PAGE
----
- In the next steps you will classify each photo you
analyze in one of the columns of your data table. Be sure to make clear
references to your photos; you might want to come back to one of them
later. A clear reference might include the page number in the book, the
title, the date on which it was taken and the photographer.
- Lay the rule of thirds template over the photo. Is
there a clear indication that the image follows the horizontal rule of
thirds, the vertical rule of thirds or maybe both? Note that it is
enough if one strong horizontal or vertical third line is present to
classify it as following the horizontal or vertical rule of thirds. If a
main element in the photo is placed at an intersection of third lines,
classify it as following both the horizontal and vertical rule of thirds.
If you found that this picture follows a rule of thirds, note it in the
appropriate column of your data table. Once a photo is classified, you can
skip the next two steps and go to the next image.
- Lay the golden mean template over the photo. Does it
match this template, indicating that the image follows the golden mean
rule? Do not forget you can flip this template to see if the diagonal
matches in the other direction. If you found a match, note the photo down
in the golden mean column of your data table. If you classified this
photo, skip the next step and instantly go to the next one.
- If you conclude this photo did not follow one of the
basic composition rules, classify it in the "No Rule" column of
your data table.
- Look at more photographs, analyzing and classifying
them as you go. Collect as much data as possible. More data will give you
a more accurate idea of whether or not published photos follow one or more
of the basic composition rules.
- Once you feel you have gathered enough data, count the
number of photos listed in each column of your table and write the total
at the end of the column. Do your numbers show a clear pattern? Is one
type of rule more common than another?
- Add up the totals for all four columns, indicating a
basic composition rule was followed. How does this total compare with
the total number of photos you classified as not following a rule?What
would you conclude; are these rules strong ones that need to be followed
to make a compelling image or are they really just guidelines, helpful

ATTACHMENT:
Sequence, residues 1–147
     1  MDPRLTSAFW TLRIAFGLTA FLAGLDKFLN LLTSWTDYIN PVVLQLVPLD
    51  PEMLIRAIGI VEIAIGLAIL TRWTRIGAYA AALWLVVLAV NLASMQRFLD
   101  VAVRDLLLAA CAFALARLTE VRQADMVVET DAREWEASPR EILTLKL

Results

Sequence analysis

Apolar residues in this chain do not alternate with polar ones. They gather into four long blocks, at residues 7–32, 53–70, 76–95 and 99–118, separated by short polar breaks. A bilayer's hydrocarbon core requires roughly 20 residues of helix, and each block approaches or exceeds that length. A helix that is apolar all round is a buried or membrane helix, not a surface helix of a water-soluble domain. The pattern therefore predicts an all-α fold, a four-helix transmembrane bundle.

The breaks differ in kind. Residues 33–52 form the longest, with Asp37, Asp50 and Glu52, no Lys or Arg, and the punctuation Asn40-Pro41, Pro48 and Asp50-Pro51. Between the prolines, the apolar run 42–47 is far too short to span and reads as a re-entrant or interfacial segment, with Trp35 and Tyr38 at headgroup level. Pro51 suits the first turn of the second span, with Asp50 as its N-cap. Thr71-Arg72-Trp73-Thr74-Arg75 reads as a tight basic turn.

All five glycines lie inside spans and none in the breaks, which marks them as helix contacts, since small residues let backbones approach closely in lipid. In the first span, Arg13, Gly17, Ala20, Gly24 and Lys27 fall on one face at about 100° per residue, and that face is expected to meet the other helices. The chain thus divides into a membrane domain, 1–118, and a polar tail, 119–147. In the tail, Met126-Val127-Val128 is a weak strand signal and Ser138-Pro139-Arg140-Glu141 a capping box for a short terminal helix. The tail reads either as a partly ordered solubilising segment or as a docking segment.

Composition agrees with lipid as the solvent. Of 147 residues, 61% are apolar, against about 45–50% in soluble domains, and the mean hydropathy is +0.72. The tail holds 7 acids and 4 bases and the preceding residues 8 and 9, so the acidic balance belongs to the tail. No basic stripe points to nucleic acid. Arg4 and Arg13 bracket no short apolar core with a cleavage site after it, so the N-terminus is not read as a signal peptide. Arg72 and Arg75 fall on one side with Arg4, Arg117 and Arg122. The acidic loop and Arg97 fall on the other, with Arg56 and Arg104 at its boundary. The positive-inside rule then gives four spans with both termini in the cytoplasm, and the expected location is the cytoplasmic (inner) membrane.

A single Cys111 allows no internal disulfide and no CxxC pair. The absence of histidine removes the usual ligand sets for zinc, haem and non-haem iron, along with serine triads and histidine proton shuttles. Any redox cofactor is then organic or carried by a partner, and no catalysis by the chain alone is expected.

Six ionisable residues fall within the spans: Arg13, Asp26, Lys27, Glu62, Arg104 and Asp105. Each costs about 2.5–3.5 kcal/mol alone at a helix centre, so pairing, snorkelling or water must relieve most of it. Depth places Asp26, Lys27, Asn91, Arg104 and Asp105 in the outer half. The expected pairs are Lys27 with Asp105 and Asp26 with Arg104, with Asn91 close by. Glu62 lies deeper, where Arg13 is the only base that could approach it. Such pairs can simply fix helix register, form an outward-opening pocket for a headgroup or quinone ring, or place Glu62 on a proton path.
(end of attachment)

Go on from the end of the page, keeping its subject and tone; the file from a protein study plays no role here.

hints that can create balanced compositions? Maybe your data indicates
that photos are creations of art that do not follow any rule.
- Extra: Make
a bar graph or pie chart showing the total number of photos you classified
as following a rule versus the number not following a rule. Do you find
it easier to draw conclusions from the visual representation than from a
number comparison? Would you be able to guess which fraction of all the
photos you analyzed follow/do not follow a rule from the graphical
representation? You can also make a bar graph or pie chart of the
number of pictures that follow each different type of composition rule. Do
you find this visual representation easier to understand or faster to read
than the list of numbers?
Use a camera and try some of these rules for yourself. Do you think using
one of these rules will change the way your photographs look? You can also
use a photo-editing program and reframe your photos digitally using the
crop function. Does following a composition rule make your images more
expressive, more pleasing to the eye and more balanced?
This activity focuses on the main elements in the photos. Photographers can
use different compositions for the background, the foreground and the
subject of the picture. Can you find these composition rules applied to
different subsections of some images?
Study whether or not these rules are more often followed in particular
styles of photos. Do you think these rules are equally effective for
different types of images such as landscapes, portraits, close-ups or
The rule of thirds and the golden mean are well known in photography. Do
you think other art forms use these rules to create balanced and pleasing
compositions? Find out by browsing through some Web sites, picture books,
paintings or drawings. You can even look at sculptures, architecture or
objects in nature.
Observations and results
Did you find photos following one of the basic composition rules and others not
following any of them?
Proportion is an important element
in composition, and an excellent tool to help create balanced, appealing
photos. But it is not the only one; shape, texture and color are just a few
other elements to consider. Knowing this, you can see that the rule of thirds
and golden mean, although handy guidelines, are not unbreakable rules. It is
always up to the photographer to decide what works for a particular case.
You might have noticed that these
basic composition rules work very well in some types of photos, such as action
shot and landscapes. These rules often do not work as well in other areas.
Close-ups or photos where symmetry is important often work better with the
subject placed in the center and often don't follow the same composition rules.
More advanced photographers might
use a composition rule based on the golden ratio to lead the eye and create
visually pleasing compositions. The golden ratio and golden spiral can be seen
in many art forms, and even in nature—like the whorls of a shell. Search
further and see if you can find the golden ratio in famous pictures or in other